| Objective: ||Develop and validate a method to bond high modulus repairs onto aluminum structure.
|| Description: ||Bonding of isotropic, high modulus repair materials to aluminum structures are virtually non-existent in today’s Maintenance-Repair-Overhaul (MRO) environment. The limitations of composites (Low Bearing Strength, reduced Multi-axial load capability) and aluminum or titanium (Low modulus) have either left some requirements unanswered or have increased complexity and cost. Repairs with high multi-axis loading and/or tight geometry (limiting repair thickness) are needed for some applications such as the C-130. Geometry limits the thickness of the repair member and the length available to transfer the load into the repair member. The required thickness of the repair is determined by the ratio of modulus, and to a lesser extent strength of, the repair material to the original material. Geometry also requires a sheet metal tolerance level on the thickness of the repair. Currently we have a verified repair process using Ti-6, AL-4V and Boron uni-tape composite. Potential cost avoidance would be substantial since typical structures that are candidates for this type of repair (wing planks) have high replacement costs (if spares are even available). An isotropic, high modulus bondable repair material would be the best solution to this type of damage. To be effective the following characteristics must be met for the repair.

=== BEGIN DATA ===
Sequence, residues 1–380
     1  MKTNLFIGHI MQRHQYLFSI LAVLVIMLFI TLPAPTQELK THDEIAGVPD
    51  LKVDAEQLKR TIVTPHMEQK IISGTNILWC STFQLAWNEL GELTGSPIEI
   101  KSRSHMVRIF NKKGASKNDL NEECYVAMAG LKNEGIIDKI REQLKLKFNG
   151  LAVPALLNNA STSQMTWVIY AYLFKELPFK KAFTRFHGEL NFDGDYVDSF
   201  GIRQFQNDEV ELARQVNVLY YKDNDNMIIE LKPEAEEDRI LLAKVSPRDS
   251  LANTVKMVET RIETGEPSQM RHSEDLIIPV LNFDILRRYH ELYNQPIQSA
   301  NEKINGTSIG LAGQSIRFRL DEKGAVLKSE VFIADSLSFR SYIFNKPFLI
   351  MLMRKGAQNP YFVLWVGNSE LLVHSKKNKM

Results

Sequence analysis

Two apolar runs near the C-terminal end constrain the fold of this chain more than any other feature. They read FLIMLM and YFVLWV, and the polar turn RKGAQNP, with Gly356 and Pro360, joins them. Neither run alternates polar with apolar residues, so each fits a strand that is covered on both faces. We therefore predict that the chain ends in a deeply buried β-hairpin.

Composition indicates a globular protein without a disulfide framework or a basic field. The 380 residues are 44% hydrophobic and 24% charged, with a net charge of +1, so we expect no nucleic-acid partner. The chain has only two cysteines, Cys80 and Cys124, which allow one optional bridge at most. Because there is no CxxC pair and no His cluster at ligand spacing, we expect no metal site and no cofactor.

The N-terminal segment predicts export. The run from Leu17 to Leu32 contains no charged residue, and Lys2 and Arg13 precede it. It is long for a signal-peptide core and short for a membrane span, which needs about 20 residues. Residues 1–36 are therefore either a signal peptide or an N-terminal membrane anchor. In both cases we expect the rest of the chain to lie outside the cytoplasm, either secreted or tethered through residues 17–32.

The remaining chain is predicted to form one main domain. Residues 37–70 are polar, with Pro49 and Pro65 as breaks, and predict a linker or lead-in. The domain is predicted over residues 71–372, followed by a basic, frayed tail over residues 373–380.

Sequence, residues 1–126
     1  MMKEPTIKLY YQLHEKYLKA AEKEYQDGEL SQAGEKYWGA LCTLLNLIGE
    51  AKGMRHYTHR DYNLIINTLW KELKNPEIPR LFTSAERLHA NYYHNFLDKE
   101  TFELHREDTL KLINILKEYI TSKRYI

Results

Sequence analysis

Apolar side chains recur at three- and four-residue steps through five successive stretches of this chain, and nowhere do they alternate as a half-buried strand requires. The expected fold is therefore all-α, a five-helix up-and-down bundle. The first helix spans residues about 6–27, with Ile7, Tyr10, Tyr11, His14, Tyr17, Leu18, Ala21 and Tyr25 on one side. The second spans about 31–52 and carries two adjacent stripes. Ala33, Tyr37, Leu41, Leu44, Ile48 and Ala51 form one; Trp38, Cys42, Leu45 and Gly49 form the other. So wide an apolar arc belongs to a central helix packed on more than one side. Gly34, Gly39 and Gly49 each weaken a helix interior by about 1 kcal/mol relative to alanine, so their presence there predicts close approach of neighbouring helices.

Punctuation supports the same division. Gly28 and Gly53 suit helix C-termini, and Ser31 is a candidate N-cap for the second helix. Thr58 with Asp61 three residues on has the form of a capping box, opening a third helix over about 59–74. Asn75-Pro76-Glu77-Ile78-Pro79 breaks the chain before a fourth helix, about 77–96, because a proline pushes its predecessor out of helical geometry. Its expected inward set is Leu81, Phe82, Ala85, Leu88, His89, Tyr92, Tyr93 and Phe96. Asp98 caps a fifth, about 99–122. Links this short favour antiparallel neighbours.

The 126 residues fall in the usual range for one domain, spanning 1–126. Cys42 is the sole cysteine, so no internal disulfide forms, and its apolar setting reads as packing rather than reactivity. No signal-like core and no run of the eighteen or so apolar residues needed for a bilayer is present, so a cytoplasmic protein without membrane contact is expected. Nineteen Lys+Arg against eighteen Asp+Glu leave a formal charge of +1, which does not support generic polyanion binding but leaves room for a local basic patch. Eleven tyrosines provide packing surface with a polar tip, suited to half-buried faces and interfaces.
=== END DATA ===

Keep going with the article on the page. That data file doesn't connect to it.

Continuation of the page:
a. Repair member Young’s modulus greater than 25 msi. (10msi *2.5)
b. Repair member tensile yield strength greater than 90 ksi. (35ksi*2.5)
c. Repair member tensile ultimate strength greater than 135 ksi. (90ksi*1.5)
d. Repair material must be nearly isotropic
e. Repair material must be able to be fabricated with a thickness tolerance equal to sheet metal tolerances
f. Repair material must be able to be fabricated into complex shapes with edges tapered down 0.020” thick.
g. After installation repair material must be capable of being drilled and reamed for installation of close tolerance fasteners through the repair.
h. Repair material must be capable of being durably bonded to aluminum using adhesives that meet the requirements of MMM-A-132 Type I, class 2 and Mil-A-25463, Type I Class 2. Specialized surface preparations are acceptable but must have a minimal logistic foot print and must be robust for mil applications.
Technical Order and SERDP report are available upon request.
|| ||PHASE I: Determine if a combination of repair material, surface preparation, adhesive system, and bonding process are achievable for ensuring durable repairs to aluminum when constraints require a small repair foot print.
|| ||PHASE II: Demonstration and validation of the repair process on aircraft or similar component. See T.O. 1-1A-1 chapter 8.
|| ||PHASE III DUAL USE APPLICATIONS: Military application: A bonding repair process for meeting these criteria would be portable to most structural aluminum applications: weather, aeronautical, naval, automotive, or civil. Commercial application: A bonding repair process would be portable to most aeronautical, naval, and structural applications.
|| References: ||1. FAA Document “PS-ACE100-2005-10038”. Searchable through www.google.com/unclesam
2. FAA Document “AC 20-107”. Searchable through www.google.com/unclesam
|Keywords: ||bonded, repair, steel, composites, structures|